Rocking the Swift Boat
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Republicans are circulating on the Internet an article from Human Events by Texan John O’Neill, of Swift Boat Vets fame, urging conservatives not to let disillusionment prevent them from going to the polls on election day. (Human Events bills itself as “The National Conservative Weekly, the Weekly Standard notwithstanding.) O’Neill’s argument is that conservatives’ failure to vote in the 1974 Watergate election led to the election of Jimmy Carter in 1976 and ultimately extended Democratic control of Congress for many years.
O’Neill’s view of history is that there are parallels between then and now, with Nancy Peolsi and her ilk waiting in the wings: “The nation was prosperous and at peace. Within a short time, the mainstream media were able to dismember and destroy the Nixon Administration, using as their sword the Watergate affair. In the congressional elections of 1974, Republican candidates were pounded, losing 48 House seats and five Senate seats. Until the 1990s, the so-called “Watergate Babies” (i.e. left-wing Democrats) ruled Congress. As its first act after the 1974 election, the new Congress cut off all aid to South Vietnam. Within a short period of time, this led to Communist conquest of all of Indochina, the massacre of at least 4 million of our friends in the killing fields of Cambodia, Laos and Vietnam, and the displacement of millions of “boat people….It may fairly said that but for Ronald Reagan the days of our democracy might well have been numbered by the consequences of the 1974 election.”
I’m all for O’Neill’s exhortation for everyone to vote, but there is another view of history that is far removed from his. In particular, his characterization of Watergate, in another reference, as a “minor burglary” is off base. For the president’s henchmen to attempt to bug the headquarters of the opposition party is incompatible with democracy. It was Nixon, not the Congress, that sold out South Vietnam, by forcing our ally to agree to a peace agreement without our obtaining any of the concessions that they wanted–not that we could have done anything about what happened in Indochina, since part of the peace agreement was that we would withdraw our troops. For that matter, even if the troops had been there, we could hardly have prevented the killing in Cambodia; we couldn’t prevent it in Vietnam. And the idea that “the days of our democracy might well have been numbered” verges on the hysterical. Nixon was forced from office; Carter was ineffective and lost his race for reelection to Reagan. Far from being on the verge of extinguishment, our democracy worked exactly as it was supposed to.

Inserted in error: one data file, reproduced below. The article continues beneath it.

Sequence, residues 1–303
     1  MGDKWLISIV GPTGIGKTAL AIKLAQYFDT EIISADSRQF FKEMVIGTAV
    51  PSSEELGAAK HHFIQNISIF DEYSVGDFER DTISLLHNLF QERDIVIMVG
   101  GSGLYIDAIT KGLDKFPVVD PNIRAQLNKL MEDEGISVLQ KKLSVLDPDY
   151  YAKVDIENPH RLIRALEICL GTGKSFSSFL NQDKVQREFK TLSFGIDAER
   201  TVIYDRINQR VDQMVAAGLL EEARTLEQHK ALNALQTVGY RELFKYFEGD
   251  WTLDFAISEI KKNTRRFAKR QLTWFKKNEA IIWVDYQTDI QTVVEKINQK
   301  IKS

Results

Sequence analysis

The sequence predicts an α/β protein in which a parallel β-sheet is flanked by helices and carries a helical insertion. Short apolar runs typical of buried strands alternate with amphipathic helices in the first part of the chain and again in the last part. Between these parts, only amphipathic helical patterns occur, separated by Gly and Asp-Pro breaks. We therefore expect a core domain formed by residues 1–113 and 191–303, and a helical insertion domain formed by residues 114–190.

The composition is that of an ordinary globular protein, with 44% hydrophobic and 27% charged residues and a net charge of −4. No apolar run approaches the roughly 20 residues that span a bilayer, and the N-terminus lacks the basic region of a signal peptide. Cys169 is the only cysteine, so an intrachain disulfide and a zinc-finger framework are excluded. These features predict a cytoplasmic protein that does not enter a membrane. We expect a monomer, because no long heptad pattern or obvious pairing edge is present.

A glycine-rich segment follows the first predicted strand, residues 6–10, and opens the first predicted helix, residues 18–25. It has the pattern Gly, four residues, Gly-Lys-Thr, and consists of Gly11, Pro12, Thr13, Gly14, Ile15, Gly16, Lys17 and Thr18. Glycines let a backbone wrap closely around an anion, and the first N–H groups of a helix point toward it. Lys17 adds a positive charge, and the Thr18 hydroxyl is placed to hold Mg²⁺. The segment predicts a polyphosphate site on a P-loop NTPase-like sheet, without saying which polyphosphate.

Finally, I would add this: No matter which side you’re on, you have to believe two things: (1) Your side can govern better than the other side. (2) If the other side wins, the world will not come to an end. If you don’t believe those two things, you don’t believe in democracy.